© The Financial Times Ltd 2016
FT and 'Financial Times' are trademarks of The Financial Times Ltd.
The Financial Times and its journalism are subject to a self-regulation regime under the FT Editorial Code of Practice.
January 21, 2011 10:04 pm
There is a scene in Jean Cocteau’s 1949 Orphée where the hero dons special gloves and walks through his bedroom mirror as though it were water. It is one of the most eloquent special effects in cinema history, all the stronger for the fact that it draws on a much earlier myth.
At some point or other, all of us want to be Orpheus – to go back through the fabric of time, to return to something that was lost. It is no coincidence that the mythological Orpheus was a musician. Music often seems to have a special power over time. Anyone who has ever loved the music of a dead composer will have wanted to be able to turn back the clock and find out how it really sounded in the time of Bach, Mozart or Monteverdi.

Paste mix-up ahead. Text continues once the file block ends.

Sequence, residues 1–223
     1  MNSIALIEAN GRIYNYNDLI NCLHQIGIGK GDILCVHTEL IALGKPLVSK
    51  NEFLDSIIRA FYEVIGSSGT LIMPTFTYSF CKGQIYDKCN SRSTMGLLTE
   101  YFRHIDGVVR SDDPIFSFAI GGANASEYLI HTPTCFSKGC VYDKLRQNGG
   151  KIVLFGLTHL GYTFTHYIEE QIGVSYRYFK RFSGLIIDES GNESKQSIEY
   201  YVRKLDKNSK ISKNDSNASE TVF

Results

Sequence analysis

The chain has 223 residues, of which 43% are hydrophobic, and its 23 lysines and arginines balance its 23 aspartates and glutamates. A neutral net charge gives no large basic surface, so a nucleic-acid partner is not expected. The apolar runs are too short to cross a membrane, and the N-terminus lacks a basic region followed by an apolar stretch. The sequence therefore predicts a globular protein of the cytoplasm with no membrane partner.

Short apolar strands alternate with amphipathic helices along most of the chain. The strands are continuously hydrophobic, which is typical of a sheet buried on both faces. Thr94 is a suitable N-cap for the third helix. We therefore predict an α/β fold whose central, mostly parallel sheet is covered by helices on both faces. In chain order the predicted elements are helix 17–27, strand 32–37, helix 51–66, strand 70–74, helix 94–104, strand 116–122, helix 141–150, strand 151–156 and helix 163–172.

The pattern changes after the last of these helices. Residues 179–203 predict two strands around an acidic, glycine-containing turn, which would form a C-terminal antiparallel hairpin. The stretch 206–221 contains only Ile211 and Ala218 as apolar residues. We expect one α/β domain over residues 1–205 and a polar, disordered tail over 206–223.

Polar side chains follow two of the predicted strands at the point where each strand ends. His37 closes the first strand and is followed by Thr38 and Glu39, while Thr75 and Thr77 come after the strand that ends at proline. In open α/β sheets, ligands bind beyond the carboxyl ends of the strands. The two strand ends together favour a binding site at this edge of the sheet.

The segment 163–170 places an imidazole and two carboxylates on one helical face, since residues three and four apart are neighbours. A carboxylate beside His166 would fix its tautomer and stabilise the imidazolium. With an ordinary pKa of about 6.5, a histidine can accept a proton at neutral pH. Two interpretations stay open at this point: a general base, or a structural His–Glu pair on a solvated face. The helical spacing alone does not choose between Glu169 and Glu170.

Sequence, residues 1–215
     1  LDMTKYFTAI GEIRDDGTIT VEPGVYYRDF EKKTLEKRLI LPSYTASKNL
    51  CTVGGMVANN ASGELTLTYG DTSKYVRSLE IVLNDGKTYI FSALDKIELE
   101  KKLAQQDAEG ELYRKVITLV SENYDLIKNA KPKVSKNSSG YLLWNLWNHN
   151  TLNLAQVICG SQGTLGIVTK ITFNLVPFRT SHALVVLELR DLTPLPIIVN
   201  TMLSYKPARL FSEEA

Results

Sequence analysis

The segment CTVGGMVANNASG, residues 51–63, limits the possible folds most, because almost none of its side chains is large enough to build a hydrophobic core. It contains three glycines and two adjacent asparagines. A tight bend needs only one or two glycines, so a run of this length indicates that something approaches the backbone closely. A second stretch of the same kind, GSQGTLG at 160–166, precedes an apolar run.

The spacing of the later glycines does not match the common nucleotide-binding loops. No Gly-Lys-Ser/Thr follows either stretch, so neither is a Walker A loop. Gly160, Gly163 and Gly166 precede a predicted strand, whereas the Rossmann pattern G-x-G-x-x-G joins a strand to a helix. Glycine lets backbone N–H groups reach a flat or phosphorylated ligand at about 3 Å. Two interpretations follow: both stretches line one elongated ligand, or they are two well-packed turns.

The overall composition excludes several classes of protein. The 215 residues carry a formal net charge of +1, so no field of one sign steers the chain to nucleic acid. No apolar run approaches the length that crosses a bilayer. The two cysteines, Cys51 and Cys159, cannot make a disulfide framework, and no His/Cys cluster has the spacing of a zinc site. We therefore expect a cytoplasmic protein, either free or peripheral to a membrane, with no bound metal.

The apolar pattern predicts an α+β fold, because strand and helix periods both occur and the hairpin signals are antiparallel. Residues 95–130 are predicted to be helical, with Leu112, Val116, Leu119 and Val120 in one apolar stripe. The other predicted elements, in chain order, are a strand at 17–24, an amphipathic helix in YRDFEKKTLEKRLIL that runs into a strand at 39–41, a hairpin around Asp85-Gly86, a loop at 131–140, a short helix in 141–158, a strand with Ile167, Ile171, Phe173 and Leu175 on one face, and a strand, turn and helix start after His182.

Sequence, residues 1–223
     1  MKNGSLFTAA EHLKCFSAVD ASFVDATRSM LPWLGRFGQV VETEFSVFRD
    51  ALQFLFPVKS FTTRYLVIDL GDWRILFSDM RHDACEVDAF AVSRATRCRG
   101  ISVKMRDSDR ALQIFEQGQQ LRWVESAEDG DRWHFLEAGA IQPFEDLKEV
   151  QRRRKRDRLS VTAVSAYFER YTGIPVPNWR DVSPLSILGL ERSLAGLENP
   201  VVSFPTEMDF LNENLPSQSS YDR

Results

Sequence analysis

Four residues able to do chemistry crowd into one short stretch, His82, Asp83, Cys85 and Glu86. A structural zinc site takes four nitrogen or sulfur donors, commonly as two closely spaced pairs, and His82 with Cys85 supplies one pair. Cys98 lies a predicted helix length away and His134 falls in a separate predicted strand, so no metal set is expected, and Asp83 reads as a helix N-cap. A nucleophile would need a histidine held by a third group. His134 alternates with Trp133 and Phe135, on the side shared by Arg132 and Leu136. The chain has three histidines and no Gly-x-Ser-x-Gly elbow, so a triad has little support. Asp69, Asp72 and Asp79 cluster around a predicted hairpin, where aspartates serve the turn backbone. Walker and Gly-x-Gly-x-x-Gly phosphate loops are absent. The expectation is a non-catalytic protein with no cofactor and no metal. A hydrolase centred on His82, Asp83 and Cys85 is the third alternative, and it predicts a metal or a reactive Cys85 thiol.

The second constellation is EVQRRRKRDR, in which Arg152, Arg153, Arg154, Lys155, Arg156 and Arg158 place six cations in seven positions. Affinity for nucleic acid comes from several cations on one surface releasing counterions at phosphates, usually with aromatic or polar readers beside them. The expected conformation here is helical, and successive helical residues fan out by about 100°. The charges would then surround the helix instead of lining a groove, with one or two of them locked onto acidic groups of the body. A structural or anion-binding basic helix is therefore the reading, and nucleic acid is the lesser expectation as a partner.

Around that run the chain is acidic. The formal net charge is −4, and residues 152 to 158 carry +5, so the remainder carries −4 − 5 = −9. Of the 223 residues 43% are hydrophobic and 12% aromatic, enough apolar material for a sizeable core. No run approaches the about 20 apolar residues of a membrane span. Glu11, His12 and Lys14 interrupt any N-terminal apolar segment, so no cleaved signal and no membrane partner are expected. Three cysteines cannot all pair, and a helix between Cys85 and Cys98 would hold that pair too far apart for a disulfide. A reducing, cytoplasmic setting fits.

One rainy November in Bergen, I was able to do exactly that. The little home of Troldhaugen, where composer Edvard Grieg lived overlooking Lake Nordås, is kept exactly as it was during the composer’s life. His 1892 Steinway still stands among his paintings in the wooden-walled living room, next to the museum where his music and his toy frog are preserved for posterity.
In this room, when I visited back in 2007, two men were busy turning back time. British recording producer Tony Harrison and Norwegian pianist Sigurd Slåttebrekk had embarked on a project that would draw them in to such a level of obsessive perfectionism that it would take them years to complete.
This Christmas, a parcel arrived in my mailbox. When I held the Simax Classics Chasing the Butterfly CD in my hands at last, I had a smaller sense of time travel, back to that rainy Bergen afternoon at home with Edvard Grieg.
For more than four decades, musicians of our time have been influenced to varying degrees by the trend of historically informed performance practice. By studying the sources and using the instruments of a particular period, they try to come closer to the way particular composers might have heard their own music. But we can never know how it really was.